The report also says the country suffers from “a government prohibition on independent journalism, opposition parties, unregistered religious organizations, and virtually all civil society activity.”
Eritreans make up the largest population of African migrants in Israel. Over 90 percent are men, mostly between the ages of 22 and 40. Many of them come to Israel saying that they are fleeing not only political persecution, but also compulsory military conscription, which can be extended indefinitely by the government.
In November, Prime Minister Binyamin Netanyahu approved the construction of two sections of a fence on Israel’s border with Egypt – one section near Rafah and the other near Eilat. Also in November, Netanyahu approved the construction of a detention facility for illegal migrants in the Negev. The number of illegal African migrants to Israel is now climbing to around 10,000 to 15,000 per year, rivaling the number of Jews who immigrate to the country annually.
Even by the standards of Israel’s African migrants, Mengisteab’s journey to the country was an odyssey of impressive trial and distance.
He fled Eritrea in September 2004 after graduating law school and was assigned to work at a naval training center on the coast, some 60 km.
from Asmara. Mengisteab says that shortly after being posted there, he began organizing a union for workers.
Every week, according to Mengisteab, he would be sent to detention following the union’s meetings and let out only after a day or two. He says the only reason he wasn’t disappeared or jailed permanently was that his father is a colonel in the Eritrean Armed Forces.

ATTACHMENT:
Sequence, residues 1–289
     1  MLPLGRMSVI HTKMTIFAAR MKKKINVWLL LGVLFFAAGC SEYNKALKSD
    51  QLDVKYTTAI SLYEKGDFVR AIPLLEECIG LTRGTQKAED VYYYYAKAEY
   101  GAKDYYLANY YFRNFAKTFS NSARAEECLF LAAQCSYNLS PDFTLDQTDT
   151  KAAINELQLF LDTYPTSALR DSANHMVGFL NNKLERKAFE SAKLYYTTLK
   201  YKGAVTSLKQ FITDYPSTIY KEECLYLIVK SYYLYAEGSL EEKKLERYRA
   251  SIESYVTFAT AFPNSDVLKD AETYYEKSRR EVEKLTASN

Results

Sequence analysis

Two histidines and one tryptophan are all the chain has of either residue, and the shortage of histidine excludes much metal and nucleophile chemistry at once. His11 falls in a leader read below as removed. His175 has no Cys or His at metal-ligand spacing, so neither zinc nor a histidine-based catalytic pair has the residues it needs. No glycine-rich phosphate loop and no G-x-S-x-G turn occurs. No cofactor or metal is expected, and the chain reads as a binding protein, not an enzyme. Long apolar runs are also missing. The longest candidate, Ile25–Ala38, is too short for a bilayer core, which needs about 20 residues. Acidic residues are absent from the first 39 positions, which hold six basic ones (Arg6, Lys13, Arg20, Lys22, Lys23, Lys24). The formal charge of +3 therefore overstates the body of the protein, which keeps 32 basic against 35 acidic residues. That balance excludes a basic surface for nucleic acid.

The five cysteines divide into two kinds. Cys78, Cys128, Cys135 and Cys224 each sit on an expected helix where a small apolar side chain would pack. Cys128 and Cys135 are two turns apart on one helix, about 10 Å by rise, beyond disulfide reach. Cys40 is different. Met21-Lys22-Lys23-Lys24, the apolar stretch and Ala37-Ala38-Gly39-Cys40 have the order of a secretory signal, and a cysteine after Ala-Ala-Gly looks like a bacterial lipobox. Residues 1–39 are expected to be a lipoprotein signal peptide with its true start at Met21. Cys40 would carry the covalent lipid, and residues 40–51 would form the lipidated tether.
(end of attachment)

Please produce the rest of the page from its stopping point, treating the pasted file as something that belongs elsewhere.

“If I was from the lower class, or a family of farmers, they would have just let me die,” he adds.
Eventually, an army commander sentenced him to three years’ detention in Eritrean prison, a virtual life sentence in a prison system that he says “is like hell; it makes the jail in Israel look like a hotel.”
After fleeing Eritrea, Mengisteab lived in Ethiopia for over three years, where he joined the Eritrean People’s Movement, an Eritrean opposition group founded by Adhanom Gebremariam.
The group gained hundreds of members and tried to get weapons from the Ethiopian government, but according to Mengisteab, it was only able to receive 21 firearms.
Eventually, Mengisteab left the country for Sudan after his housemates feared his political activities would complicate things for them in the country.